The Ontario Energy Board once again is changing the price structure for electricity and Fort Frances Power Corp. customers soon will see changes to the “electricity” and “delivery” portions of their hydro bills.
But don’t worry—this is a good news story.
FFPC president and CEO Jim Kibiuk said Thursday that after May 1, the estimated total bill impact of the Regulated Price Plan (RPP) and distribution rate changes for a FFPC residential customer who uses an average of 1,000 kilowatts/month will be a 5.8 percent decrease.
“The combined effect is good for us, for sure,” he noted.
“But these rates are only in effect for people that are purchasing their electricity through the Fort Frances Power Corp. Anyone dealing with any of the other retailers is on a separate contract,” Kibiuk stressed.
The new price structure set by the OEB under the RPP will be 5.3 cents per kWh for the first 600 kWh/month and 6.2 cents per kWh for any consumption above that level.
This is a change from last May’s rate of 5.8 cents per kWh for the first 600 kWh/month, plus 6.7 cents per kWh for any consumption above that level.
The rate in November then was changed to 5.5 cents for the first 1,000 kWh/month, plus 6.4 cents per kWh for any consumption above that level.
Customers will notice the RPP changes to the “electricity” charge line on their bill.
This change will affect residential, low-volume, and designated customers who currently are paying the two-tiered regulated price plan for electricity through their local utility.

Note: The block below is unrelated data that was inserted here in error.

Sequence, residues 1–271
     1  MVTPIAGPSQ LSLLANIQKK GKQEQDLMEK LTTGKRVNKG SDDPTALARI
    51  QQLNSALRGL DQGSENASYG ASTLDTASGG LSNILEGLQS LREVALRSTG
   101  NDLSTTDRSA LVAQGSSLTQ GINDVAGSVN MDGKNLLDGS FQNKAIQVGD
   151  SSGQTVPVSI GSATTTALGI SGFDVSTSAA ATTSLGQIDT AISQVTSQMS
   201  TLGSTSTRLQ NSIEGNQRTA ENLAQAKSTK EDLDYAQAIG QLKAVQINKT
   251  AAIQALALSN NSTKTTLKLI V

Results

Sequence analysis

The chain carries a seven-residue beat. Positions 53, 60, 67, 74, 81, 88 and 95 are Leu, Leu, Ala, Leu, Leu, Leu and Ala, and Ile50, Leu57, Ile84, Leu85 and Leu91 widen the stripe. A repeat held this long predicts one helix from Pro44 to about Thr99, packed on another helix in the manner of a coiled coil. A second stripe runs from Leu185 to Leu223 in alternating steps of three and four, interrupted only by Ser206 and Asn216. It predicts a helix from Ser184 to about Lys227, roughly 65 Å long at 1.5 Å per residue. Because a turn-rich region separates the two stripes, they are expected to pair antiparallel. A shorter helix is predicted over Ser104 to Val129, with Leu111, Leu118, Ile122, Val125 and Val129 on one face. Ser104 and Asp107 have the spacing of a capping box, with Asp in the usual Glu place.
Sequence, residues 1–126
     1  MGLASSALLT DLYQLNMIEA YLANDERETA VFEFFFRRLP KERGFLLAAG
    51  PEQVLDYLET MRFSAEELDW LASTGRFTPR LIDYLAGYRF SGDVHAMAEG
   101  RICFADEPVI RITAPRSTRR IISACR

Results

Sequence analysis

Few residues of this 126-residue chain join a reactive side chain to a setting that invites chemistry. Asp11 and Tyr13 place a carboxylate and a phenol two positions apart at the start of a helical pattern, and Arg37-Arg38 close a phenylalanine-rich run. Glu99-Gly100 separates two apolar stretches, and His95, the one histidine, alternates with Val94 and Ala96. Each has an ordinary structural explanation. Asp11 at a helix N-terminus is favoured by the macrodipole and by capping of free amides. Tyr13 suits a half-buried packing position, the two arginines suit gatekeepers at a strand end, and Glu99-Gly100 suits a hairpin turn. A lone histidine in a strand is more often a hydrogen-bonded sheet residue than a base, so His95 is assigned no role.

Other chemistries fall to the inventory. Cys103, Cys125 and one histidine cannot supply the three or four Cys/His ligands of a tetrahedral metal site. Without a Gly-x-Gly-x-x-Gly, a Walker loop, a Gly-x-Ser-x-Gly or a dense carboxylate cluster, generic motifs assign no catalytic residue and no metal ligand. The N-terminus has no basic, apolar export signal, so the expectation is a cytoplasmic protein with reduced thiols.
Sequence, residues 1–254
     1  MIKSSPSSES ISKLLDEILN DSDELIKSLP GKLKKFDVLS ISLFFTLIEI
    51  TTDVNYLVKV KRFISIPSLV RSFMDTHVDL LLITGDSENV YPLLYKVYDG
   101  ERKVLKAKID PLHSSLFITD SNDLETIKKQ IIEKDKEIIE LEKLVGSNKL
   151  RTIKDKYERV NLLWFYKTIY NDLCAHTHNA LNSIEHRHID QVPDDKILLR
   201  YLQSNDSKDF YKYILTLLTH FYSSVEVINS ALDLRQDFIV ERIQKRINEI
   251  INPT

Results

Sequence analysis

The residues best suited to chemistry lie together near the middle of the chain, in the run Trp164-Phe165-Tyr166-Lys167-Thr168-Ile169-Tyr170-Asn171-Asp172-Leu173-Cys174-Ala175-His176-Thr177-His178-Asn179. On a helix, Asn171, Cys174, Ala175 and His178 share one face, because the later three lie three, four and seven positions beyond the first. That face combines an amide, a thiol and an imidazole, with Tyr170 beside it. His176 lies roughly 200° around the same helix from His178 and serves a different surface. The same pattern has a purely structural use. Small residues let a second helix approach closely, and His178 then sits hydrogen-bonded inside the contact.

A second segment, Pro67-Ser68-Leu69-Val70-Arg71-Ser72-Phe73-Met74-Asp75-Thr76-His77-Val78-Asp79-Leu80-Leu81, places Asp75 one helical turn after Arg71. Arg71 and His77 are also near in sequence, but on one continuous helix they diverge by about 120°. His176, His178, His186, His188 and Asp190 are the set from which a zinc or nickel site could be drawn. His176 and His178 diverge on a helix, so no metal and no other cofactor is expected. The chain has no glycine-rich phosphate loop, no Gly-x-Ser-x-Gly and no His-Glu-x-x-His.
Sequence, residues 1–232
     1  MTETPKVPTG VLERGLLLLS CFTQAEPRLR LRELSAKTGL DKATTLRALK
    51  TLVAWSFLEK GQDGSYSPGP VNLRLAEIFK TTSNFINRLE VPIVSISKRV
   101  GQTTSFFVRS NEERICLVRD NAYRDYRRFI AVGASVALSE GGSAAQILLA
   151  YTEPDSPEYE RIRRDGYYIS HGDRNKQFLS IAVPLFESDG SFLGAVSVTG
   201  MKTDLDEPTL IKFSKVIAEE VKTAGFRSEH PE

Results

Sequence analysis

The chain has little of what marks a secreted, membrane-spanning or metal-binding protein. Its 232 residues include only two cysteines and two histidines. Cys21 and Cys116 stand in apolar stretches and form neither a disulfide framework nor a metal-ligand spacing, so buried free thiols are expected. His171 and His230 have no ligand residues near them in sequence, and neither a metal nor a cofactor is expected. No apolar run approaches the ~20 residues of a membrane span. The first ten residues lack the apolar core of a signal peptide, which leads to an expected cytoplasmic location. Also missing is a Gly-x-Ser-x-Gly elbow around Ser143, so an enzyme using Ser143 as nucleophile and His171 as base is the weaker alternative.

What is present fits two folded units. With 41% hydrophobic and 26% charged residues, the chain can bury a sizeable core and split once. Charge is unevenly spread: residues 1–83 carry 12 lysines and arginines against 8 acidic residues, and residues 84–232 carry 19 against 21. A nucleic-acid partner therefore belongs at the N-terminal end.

The OEB resets RPP prices every six months to reflect the actual amount paid to generate the electricity used while continuing to “smooth” electricity prices for protection from day-to-day volatility.
When setting the new RPP rates, the OEB takes into account a forecast of the prices paid to electricity generators plus the outstanding balance in the variance account, which has been tracking the difference between what has been paid and what it costs to generate the electricity used since April 1, 2005.
The OEB also is directing a change in distribution rates, which will be reflected on the “delivery” line on their bills.
The delivery line reflects the combined costs of electricity delivered from generators to utilities and the local distribution costs for the FFPC to it to homes and businesses.
The new local distribution rates for residential customers will be $11.60 plus $.0076 per kWh.
For general customers using less than 50 kW, it will be $27.59 plus $.0051 per kWh, and for general customers using more than 50 kW, it will be $228.16 plus $2.87 per kWh.
Kibiuk noted the FFPC will confute its efforts to provide the highest level of service at the lowest possible electrical power rates for customers in the Town of Fort Frances.